Nonprofits have a responsibility, too. Open the door. Find a way to support, empower and engage these citizen philanthropists. Make it a priority. Consider the possibility that a nimble and passionate individual can push the world forward, too.

“Just think — what would the civil rights movement have looked like if it were blogged and tweeted like the Iran revolution of 2009,” asked Hargro. “What if Rev. Dr. Martin Luther King, Jr.’s passionate and prescient words were tweeted and retweeted worldwide?”

Still looking for work? How to stand out from the crowd

David Hughen thinks about work differently than most of us do. He’s in HR.

Specifically, he’s a strategic HR consultant and business coach at Austin WorkNet, which means he talks to a lot of people looking for employees and employers. So there’s something to be said for his perspective.

David contributed this to our latest issue of GivingCity Austin, and I thought it was worth excerpting here for those of you who might need a dose of inspiration on your job search. Good luck!

In response to this emerging work dynamic, I’ve rethought how I approach these career discussions. Though I’m happy to have a pay-it-forward discussion with someone about “what’s next,” I need to make it more relevant to our current times. Why go through the motions when the very nature of work is being redefined?

This new approach to work should place an emphasis on how folks who are unemployed, under-employed or  nervously employed can distinguish themselves from the other job seekers and define themselves for the long-term.

We’ve come to know that organizations, whether for-profit or non-profit, are under intense pressure to be effective. Thus, the notion of work is emerging with new definitions.

Noted author Charles Handy has suggested that “working organizations” are not in the position to be an alternative community providing meaning and work for one’s adult life. Instead, Handy’s view is that if we each considered ourselves “self employed” throughout our working life, we would never be unemployed.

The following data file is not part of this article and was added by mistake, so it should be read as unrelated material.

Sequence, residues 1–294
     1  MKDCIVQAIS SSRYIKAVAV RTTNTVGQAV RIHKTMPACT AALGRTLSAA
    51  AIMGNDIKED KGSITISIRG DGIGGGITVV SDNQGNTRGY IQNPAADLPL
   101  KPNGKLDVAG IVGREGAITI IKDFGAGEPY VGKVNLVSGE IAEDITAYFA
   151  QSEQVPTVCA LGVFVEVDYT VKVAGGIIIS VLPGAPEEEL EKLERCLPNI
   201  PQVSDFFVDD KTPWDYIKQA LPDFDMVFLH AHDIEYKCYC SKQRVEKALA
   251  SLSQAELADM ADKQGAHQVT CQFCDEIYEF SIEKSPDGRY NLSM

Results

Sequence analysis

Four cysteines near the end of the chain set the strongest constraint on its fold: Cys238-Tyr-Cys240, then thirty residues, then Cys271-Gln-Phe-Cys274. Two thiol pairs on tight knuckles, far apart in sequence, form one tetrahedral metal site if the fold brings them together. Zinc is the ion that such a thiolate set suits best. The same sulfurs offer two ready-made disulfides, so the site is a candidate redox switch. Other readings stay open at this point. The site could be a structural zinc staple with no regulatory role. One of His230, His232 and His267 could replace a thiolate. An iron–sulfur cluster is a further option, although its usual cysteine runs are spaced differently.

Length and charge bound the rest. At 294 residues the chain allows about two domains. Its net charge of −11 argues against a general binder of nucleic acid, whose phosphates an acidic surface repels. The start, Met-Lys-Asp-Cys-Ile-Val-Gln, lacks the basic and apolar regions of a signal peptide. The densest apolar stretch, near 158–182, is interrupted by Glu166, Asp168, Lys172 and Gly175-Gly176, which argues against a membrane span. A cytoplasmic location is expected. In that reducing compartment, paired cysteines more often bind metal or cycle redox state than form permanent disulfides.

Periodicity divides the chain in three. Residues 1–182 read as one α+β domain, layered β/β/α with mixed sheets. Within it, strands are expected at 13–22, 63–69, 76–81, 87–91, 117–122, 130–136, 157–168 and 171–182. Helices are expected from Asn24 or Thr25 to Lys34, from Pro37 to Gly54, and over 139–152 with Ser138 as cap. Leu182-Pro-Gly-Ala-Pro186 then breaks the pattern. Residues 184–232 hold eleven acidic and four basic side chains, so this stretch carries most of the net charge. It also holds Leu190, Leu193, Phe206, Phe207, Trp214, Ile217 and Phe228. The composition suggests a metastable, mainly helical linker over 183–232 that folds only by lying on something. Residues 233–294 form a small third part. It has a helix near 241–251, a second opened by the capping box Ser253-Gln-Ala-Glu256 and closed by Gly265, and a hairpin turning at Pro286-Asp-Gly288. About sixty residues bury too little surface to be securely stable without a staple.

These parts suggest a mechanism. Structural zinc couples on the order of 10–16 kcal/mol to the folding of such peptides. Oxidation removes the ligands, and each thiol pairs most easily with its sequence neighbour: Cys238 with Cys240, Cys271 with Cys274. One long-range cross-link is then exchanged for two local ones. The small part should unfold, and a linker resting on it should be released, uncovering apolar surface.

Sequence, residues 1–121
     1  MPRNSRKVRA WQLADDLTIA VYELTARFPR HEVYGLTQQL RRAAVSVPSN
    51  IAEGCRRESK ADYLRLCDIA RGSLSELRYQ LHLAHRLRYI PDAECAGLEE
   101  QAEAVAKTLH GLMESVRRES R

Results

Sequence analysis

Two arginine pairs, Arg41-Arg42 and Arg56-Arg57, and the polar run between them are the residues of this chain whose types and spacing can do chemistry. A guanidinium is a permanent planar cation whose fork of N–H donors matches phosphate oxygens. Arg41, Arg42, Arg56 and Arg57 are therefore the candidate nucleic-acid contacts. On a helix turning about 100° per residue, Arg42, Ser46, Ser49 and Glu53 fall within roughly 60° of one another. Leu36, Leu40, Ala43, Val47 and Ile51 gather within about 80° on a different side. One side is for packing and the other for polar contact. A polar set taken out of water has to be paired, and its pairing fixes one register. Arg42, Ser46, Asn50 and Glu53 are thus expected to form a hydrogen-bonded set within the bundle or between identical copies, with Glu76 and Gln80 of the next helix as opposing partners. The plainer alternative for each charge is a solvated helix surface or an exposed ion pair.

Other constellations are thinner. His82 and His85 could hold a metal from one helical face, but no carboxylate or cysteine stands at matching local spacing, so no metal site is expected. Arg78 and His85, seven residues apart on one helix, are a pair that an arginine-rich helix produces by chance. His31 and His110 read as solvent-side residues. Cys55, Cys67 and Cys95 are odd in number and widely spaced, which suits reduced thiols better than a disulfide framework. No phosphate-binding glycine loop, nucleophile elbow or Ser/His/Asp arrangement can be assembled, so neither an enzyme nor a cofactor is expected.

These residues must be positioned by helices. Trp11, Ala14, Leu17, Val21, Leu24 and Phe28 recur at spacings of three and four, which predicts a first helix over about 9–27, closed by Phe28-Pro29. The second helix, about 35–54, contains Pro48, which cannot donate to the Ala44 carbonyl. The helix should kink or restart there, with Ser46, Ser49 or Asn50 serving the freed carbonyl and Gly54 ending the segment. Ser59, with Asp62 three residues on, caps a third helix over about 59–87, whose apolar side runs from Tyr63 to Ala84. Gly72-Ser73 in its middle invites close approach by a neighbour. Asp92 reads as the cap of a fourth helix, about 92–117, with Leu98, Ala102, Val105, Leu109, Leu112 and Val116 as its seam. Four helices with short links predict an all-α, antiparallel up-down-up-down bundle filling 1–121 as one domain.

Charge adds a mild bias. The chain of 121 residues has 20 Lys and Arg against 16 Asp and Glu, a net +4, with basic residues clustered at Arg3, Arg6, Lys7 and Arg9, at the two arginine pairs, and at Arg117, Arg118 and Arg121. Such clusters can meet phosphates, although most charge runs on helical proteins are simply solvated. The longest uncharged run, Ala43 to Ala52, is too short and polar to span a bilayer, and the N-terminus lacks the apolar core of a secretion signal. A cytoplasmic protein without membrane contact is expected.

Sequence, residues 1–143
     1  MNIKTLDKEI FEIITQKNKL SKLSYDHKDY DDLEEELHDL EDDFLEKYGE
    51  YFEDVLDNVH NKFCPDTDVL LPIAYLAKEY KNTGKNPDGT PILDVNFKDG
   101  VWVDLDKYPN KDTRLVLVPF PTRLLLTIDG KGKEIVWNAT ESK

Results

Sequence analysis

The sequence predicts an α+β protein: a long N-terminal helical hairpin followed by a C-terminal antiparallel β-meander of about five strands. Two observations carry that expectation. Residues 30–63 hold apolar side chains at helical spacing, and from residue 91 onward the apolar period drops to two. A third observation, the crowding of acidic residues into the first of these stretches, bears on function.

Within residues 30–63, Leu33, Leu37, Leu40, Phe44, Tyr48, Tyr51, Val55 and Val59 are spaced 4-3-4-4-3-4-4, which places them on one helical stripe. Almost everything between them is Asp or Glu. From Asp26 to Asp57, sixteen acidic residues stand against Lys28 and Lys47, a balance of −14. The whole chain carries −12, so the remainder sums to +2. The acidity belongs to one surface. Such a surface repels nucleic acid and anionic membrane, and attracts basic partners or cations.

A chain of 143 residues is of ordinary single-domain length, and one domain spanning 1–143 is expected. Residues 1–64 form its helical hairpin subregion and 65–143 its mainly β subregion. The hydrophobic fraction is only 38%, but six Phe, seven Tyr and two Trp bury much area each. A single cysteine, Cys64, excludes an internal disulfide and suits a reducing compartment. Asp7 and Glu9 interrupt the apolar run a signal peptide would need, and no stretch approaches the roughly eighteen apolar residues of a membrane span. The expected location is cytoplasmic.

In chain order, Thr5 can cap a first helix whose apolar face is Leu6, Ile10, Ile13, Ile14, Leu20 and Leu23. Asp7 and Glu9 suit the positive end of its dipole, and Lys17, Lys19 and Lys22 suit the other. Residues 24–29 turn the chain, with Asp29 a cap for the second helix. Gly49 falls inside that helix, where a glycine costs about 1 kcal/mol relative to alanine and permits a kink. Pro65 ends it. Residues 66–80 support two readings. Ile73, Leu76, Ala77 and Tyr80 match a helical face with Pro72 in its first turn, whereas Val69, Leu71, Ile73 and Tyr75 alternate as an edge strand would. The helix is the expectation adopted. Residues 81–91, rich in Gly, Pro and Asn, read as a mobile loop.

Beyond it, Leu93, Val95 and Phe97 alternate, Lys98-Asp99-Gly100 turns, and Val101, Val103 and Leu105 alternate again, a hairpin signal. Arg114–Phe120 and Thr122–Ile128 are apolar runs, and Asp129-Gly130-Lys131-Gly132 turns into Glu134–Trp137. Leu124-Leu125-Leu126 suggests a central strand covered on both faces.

So my Starbucks sessions now take a different course. If I can gain the trust of this individual who is anxious, stressed, unsure of the future, and at a low point of confidence, then I press upon them the
following principles:

Become a brand

A deep, honest exploration of your skills, interests and competencies serves as the definition of your “brand.” Turn your brand on by giving it a name (something more creative than “Jan Enterprises,” please!), create a website, a domain name, a logo, business cards, a charter statement.

Think about it. When you’ve met someone at a party and asked “what do you,” the job seeker’s response may be “WelL, I’m looking for a job.” Wouldn’t you be better served by responding to that question with your business card and your brand’s charter?

This takes some exercising of different muscles. But, in time, your brand becomes the essence of who you are.

If you have a traditional job—working for an employer as an employee—then your brand is partially, but not exclusively, defined by that job. You have the luxury of carrying two business cards.

Connect your brand to a nonprofit
Your personal definition gains depth and substance when you share your expertise freely and willingly with organizations
doing good in the community. And when I say “share your expertise” I mean find out how you can help the nonprofit improve its operations by applying your expertise.

This act of giving is a form of personal, mental health. It’s the gift that gives back in a number of ways. Practically speaking, it keeps your chops sharp when you aren’t working a traditional job and gives you access to the nonprofit’s well-connected board of directors. It ties you to people who sacrifice every day to give back to the community for low or no pay. That’s a crucial perspective and a grounding force.

There’s something bigger than you

Having spent 10 years in the world of startup, entrepreneurial companies I’ve come to understand the value of humility. In small, fast-moving organizations, you have the greatest likelihood of fitting in with the team if you carry yourself without a sense of entitlement.

Knowing that there’s something infinitely greater than you in this world provides a different perspective. People are more likely to be associated with you when you present yourself in this manner. It means you’re more willing to flex into new situations. And, when it comes to defining your brand, this sense of humility provides substance that goes beyond definition. It’s who you are no matter how you define your work.